FIG. 6 shows a process to be used in a variation of the embodiments illustrated in FIGS. 2 through 5;
FIG. 7 illustrates light being reflected from a pad surface;
FIG. 8 illustrates light being reflected from a solder paste surface; and
FIG. 9 is another view illustrates off-axis light being scattered due to a texture of the solder paste surface.
Different regions on printed circuit boards respond differently to lighting changes. For example, solder paste responds differently to lighting changes than does bare circuit board or pads.
Values one through 8 on the horizontal axis of FIG. 1 depict the lighting response of pads, paste, and boards to continually increasing on-axis illumination while holding off-axis lighting at zero. Values 9 through 16 on the horizontal axis of FIG. 1 depict the lighting response of pads, paste and boards to continually increasing off-axis illumination while holding the on-axis lighting at zero. The vertical axis represents the grey values of the pads, paste or boards, where 0 is dark and 250 is light. Using these lighting conditions, the graph shows the lighting response of 300 random sample points taken from the same locations in different regions on three different circuit board samples.
For each type of material there are trends of behavior for increasing illumination on-axis as opposed to increasing illumination off-axis.
For example, the pads change under both lighting conditions (increasing on-axis light and increasing off-axis light) with a tendency to be brighter with on-axis lighting when observed from a vantage point of a camera. This occurs because pads are reflective, like mirrors, and will reflect on-axis light back into the camera. Off-axis light will be reflected at an incident angle away from the camera.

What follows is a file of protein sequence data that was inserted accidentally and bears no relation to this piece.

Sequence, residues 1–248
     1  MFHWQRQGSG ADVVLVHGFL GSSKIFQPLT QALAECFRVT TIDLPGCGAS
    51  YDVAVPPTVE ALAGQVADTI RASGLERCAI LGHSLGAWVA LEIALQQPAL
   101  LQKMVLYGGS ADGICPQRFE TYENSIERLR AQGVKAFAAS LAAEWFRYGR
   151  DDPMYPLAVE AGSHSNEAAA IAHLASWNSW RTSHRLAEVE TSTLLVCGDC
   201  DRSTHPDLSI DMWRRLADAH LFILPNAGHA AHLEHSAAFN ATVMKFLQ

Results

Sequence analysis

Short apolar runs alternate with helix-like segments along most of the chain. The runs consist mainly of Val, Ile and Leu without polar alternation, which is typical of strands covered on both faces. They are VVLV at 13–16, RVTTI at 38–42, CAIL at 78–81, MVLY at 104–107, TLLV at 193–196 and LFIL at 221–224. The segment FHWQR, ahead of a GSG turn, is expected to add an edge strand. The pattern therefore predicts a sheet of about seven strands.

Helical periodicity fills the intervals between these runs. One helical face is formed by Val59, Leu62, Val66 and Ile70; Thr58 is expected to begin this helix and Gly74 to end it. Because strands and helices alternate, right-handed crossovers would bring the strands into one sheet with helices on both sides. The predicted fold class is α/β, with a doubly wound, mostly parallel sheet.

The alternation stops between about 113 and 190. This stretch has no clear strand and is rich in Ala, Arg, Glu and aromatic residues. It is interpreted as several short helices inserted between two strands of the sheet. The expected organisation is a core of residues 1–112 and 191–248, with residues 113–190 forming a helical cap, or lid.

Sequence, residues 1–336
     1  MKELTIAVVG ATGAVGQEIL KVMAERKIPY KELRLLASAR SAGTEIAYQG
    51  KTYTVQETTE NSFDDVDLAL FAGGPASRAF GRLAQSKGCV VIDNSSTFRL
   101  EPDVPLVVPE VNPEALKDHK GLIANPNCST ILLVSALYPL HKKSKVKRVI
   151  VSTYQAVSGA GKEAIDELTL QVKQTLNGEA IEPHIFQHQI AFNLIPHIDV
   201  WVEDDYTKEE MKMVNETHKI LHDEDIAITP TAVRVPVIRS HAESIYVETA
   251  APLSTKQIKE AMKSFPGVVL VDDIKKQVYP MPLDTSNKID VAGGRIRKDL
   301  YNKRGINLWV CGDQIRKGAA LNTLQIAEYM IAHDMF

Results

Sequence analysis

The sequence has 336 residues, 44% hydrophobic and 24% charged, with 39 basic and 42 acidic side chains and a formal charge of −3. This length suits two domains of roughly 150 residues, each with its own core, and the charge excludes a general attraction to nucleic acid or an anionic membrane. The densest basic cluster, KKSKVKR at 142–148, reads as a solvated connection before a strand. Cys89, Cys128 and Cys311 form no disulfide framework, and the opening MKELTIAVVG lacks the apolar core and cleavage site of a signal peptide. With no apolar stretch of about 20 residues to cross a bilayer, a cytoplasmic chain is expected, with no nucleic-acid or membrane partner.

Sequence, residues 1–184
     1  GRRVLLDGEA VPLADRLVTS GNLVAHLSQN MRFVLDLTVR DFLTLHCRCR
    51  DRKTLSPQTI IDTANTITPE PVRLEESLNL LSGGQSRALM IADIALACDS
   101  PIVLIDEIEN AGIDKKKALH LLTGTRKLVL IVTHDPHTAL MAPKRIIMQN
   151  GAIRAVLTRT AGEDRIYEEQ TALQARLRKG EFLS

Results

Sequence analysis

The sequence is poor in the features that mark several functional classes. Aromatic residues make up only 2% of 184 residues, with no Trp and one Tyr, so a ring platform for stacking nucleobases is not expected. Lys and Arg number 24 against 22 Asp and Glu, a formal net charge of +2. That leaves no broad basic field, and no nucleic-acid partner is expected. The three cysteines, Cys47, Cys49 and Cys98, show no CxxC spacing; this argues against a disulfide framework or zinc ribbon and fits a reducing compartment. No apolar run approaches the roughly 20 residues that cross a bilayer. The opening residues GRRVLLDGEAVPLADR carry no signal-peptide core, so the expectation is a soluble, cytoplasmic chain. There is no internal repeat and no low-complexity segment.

Similar to pads, the board reflects light less from increasing off-axis lighting than from on-axis lighting, such that the measured grey level of the board exposed to off-axis light is less than the measured grey level of the board exposed to similar intensity on-axis light. This occurs because the board has a flat surface like the pads. The surface is, however, less mirror-like and will reflect less light in general.
Lastly, the paste reflects light more from increasing off-axis lighting than increasing on-axis lighting. Among the board, pad and paste, only paste exhibits this behavior. This behavior occurs because of the texture quality of the paste which scatters light in all directions, such that some off-axis light is reflected into the camera. The different response of paste can be identified and used to detect paste on boards.
FIG. 7 illustrates light being reflected from a pad surface 702 As can be seen, most on-axis light 704 is reflected back into a camera 700. Off-axis light 706 is reflected elsewhere.
FIG. 8 illustrates light being reflected from a solder paste surface 800. On-axis light 704′ is scattered due to the rough texture of the solder paste surface 800.
FIG. 9 illustrates off-axis light 902 being scattered due to the texture of the solder paste surface 800; however, off-axis light is illuminated from multiple sides, thus reflecting more light into the camera.